Patreon Drive for August 1 Donations. Thank You for Your Support. Update Below the Fold.

patreon
Please click the Patreon image in the sidebar or use the links below to visit my Patreon page. Thank you for your support. >>>>>>>>>

Thank you to my 12 existing Patrons!  I appreciate your support.

I would never ask to be rescued from a more or less natural death.  When I came here 3 years ago to treat my serious chronic illness with medical cannabis, I really felt like I was dying, that I had no choice and that even if I “lost everything” it would not matter.  My quality of life was nonexistent and I was so extremely ill that I thought either I would die from my disease (which I believe is essentially a terminal illness, or at least that it’s terminal without treatment) or that I would heal enough to go on with my life even if it looked much differently than it had before.  3 years later, I have “lost it all” having paid out-of-pocket for out-of-state lodging and treatment which has given me profound pain relief and significant healing from the ravages of my incurable and disabling autoimmune condition, Crohn’s disease.  While I consider this to be an unlikely and hard-won personal success and am so grateful that I was able to do that for myself, I am now facing something I did not expect: figuring out how to live into the foreseeable future with an only somewhat healed and temporarily managed illness and no money, no credit, no immediate eligibility for benefits and little or no ability to earn.

Continue reading “Patreon Drive for August 1 Donations. Thank You for Your Support. Update Below the Fold.”

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Patreon Drive for July 1 Donations. Thank You for Your Support. Update Below the Fold.

patreon
Please click the Patreon image in the sidebar or use the links below to visit my Patreon page. Thank you for your support. >>>>>>>>>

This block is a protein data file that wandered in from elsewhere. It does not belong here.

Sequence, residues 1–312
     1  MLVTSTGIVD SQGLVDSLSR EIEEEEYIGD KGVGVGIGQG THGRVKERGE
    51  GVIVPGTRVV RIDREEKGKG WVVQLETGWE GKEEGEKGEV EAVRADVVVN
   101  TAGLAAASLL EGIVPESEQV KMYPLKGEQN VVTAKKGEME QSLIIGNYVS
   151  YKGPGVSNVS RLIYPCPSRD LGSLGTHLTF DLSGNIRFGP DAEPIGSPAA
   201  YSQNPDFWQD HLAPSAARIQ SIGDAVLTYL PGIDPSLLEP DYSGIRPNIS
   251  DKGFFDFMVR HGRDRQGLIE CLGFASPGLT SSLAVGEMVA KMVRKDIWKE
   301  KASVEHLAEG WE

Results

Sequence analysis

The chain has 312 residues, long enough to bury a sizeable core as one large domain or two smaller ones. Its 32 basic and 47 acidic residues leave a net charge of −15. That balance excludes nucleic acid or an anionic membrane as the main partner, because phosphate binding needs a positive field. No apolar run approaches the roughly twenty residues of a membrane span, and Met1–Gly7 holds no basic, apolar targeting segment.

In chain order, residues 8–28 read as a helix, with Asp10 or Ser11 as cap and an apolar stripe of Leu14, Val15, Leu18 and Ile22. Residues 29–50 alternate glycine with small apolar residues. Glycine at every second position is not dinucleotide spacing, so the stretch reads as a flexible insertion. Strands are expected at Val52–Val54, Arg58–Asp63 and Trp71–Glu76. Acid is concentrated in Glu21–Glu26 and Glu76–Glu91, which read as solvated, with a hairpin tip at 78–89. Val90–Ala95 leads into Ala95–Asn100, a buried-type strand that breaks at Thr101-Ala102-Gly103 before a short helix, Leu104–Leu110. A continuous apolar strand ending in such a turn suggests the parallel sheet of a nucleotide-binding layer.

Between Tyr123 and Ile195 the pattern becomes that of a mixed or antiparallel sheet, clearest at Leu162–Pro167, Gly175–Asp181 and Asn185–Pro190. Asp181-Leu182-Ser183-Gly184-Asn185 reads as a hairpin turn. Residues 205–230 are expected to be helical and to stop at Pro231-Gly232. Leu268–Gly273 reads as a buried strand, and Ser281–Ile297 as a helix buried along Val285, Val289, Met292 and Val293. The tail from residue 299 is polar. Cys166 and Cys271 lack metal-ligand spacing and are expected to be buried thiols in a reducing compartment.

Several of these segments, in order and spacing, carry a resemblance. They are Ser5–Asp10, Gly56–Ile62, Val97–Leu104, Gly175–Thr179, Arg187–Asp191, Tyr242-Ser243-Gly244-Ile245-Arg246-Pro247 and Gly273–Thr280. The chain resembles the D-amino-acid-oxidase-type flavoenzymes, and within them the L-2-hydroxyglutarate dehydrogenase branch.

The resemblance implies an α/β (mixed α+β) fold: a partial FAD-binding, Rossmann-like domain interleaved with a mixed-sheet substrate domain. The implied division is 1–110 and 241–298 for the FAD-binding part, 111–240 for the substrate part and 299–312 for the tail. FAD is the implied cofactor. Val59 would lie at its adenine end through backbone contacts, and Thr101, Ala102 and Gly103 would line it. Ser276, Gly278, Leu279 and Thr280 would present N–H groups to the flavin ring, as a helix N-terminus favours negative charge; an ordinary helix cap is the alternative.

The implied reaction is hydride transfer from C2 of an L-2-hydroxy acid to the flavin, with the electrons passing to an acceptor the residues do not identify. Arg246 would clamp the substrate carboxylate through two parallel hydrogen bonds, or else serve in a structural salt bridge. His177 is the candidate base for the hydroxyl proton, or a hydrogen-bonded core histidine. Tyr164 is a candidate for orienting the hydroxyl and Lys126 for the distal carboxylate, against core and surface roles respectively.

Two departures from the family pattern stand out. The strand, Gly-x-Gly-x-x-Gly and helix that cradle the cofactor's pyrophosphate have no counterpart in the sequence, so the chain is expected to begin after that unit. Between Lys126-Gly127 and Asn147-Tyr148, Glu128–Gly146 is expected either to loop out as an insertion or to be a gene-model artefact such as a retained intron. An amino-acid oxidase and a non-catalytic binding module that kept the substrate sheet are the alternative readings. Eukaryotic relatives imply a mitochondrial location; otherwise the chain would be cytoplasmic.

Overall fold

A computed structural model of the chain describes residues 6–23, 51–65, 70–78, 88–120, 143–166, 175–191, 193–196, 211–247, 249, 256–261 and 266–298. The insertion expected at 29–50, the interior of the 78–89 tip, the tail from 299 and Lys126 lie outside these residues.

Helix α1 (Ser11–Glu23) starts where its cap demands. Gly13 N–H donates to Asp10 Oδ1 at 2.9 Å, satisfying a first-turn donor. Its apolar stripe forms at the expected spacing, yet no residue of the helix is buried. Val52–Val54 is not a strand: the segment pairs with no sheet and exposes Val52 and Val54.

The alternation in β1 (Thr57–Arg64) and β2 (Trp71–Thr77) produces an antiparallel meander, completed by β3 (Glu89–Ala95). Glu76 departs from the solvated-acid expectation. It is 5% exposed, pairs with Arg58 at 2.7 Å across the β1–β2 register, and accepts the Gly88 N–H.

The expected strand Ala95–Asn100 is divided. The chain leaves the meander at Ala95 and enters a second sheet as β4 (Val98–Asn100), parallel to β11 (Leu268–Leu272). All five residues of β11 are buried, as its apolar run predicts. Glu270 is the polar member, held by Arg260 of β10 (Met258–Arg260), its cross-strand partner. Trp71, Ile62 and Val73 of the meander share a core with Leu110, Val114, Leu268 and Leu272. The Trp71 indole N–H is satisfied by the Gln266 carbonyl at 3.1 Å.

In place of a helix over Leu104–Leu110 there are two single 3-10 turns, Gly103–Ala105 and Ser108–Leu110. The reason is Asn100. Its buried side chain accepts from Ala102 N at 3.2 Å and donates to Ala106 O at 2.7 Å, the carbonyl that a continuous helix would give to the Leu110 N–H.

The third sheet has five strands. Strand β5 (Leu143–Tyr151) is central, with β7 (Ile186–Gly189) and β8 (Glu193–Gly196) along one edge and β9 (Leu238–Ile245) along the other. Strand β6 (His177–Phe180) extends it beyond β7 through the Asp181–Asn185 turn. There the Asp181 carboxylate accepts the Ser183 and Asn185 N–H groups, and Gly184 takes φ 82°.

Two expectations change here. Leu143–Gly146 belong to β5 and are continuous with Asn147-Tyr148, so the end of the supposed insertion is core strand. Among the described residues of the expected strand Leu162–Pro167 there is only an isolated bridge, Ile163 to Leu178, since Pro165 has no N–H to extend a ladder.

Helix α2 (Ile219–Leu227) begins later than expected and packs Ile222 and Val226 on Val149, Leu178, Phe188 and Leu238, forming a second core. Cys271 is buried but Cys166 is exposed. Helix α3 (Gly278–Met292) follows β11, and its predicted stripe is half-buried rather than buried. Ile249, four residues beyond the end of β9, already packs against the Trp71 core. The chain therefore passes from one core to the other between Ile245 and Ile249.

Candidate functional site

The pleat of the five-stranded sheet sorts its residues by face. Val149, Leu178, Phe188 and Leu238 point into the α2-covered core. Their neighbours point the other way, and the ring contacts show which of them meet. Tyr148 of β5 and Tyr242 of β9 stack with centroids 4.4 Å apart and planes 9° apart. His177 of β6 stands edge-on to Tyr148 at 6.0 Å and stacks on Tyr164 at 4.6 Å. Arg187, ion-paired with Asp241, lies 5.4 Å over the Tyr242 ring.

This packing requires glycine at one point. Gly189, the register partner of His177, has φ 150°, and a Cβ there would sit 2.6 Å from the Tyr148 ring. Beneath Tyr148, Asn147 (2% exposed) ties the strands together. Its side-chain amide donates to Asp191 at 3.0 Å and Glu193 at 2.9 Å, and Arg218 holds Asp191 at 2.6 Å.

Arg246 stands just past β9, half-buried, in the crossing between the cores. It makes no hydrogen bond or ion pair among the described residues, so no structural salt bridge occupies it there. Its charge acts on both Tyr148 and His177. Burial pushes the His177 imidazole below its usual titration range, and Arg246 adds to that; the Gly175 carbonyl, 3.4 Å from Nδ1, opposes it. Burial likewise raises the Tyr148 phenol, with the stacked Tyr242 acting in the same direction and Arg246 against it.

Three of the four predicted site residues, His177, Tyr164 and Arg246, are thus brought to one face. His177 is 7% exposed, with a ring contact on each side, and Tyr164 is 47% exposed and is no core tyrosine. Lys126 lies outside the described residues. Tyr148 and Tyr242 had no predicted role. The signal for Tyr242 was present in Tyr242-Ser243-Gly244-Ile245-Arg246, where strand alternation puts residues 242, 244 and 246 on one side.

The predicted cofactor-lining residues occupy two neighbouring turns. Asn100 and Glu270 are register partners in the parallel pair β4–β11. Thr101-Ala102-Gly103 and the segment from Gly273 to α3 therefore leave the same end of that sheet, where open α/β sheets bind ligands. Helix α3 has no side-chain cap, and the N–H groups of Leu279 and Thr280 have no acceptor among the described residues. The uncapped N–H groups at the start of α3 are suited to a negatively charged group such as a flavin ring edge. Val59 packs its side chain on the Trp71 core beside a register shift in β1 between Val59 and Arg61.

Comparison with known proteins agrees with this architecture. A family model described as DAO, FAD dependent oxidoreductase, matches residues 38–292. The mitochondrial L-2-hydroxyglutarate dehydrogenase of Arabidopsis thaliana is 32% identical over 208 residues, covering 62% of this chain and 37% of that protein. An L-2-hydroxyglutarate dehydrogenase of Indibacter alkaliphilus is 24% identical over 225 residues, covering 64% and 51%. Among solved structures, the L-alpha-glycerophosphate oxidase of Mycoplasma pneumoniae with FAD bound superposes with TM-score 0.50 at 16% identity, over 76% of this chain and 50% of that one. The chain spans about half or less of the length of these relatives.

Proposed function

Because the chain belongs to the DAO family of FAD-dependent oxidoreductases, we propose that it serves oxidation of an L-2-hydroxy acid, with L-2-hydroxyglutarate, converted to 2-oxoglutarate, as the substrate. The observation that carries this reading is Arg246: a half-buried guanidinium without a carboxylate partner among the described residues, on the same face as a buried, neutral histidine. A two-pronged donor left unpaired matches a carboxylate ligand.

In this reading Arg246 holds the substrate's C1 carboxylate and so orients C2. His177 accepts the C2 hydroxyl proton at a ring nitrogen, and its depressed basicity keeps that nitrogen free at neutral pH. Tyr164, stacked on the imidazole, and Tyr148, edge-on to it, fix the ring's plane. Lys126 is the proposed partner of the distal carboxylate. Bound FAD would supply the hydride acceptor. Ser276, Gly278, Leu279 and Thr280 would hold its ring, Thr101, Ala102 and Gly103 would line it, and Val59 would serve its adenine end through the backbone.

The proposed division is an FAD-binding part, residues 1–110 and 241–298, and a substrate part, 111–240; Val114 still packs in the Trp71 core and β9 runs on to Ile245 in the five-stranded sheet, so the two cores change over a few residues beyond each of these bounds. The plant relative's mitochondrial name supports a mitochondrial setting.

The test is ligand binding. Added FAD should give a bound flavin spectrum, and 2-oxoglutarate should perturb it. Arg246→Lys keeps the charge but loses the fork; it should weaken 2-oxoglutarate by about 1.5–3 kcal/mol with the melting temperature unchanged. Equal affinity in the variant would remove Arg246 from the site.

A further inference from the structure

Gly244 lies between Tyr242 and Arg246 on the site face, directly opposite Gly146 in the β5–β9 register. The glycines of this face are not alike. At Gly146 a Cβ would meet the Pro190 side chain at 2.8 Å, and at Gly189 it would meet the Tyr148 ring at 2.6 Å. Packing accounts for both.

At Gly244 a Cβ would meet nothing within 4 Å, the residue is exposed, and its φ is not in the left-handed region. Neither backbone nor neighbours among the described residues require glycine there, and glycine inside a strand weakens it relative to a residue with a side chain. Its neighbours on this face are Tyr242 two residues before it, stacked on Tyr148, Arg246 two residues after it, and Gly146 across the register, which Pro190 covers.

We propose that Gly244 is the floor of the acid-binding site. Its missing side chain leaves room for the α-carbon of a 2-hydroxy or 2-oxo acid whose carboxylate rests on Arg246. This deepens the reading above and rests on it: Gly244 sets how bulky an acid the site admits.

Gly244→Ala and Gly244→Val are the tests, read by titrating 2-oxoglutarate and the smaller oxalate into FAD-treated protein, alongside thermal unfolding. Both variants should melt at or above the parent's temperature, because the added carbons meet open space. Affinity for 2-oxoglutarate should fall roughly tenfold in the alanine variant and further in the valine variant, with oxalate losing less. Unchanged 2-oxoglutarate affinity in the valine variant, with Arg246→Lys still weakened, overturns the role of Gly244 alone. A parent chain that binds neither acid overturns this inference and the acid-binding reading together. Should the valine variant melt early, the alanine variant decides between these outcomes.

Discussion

Thank you to my 13 existing Patrons!  I appreciate your support.

I would never ask to be rescued from a more or less natural death.  When I came here 3 years ago to treat my serious chronic illness with medical cannabis, I really felt like I was dying, that I had no choice and that even if I “lost everything” it would not matter.  My quality of life was nonexistent and I was so extremely ill that I thought either I would die from my disease (which I believe is essentially a terminal illness, or at least that it’s terminal without treatment) or that I would heal enough to go on with my life even if it looked much differently than it had before.  3 years later, I have “lost it all” having paid out-of-pocket for out-of-state lodging and treatment which has given me profound pain relief and significant healing from the ravages of my incurable and disabling autoimmune condition, Crohn’s disease.  While I consider this to be an unlikely and hard-won personal success and am so grateful that I was able to do that for myself, I am now facing something I did not expect: figuring out how to live into the foreseeable future with an only somewhat healed and temporarily managed illness and no money, no credit, no immediate eligibility for benefits and little or no ability to earn.

This is Mama and Chili, my 2 adopted shelter cats.  Mama is the calico and Chili is her now-grown female kitten and appears to be a ragdoll mix.  They are so happy being together and the 3 of us have been blissed out for 3 years living in a modest calm and quiet living space in a beautiful rural area.  Mama and Chili are indoor/outdoor cats and get plenty of fresh air, sunshine, grass to chew on and bugs to chase.  Please help us stay together!

Continue reading “Patreon Drive for July 1 Donations. Thank You for Your Support. Update Below the Fold.”

You Can’t “Outsmart” Trauma. That’s Actually Not How Trauma Works. Or, What Doesn’t Kill You Makes You Traumatized and Increasingly Unable to Function.

I’ve been thinking a lot about trauma lately as I contemplate my increasingly vulnerable and terrifying station as a chronically ill woman who will have to rely on the long-term care and concern of others if I am to survive.  For some reason I found this topic exceptionally difficult to write about in a coherent and meaningful way and in my experience as a somewhat seasoned social critic, that usually indicates that there is some thought-termination around the issue and that I am working my way through something that is not meant to be dissected and understood and that is probably the case here.  For whatever reason, this post seems like it just does not want to be written, and as a writer and a creative person I can and do respect that, so I am giving up on the idea of writing a proper post about it.  I have scrapped a dozen versions of this post and I’m glad they are gone.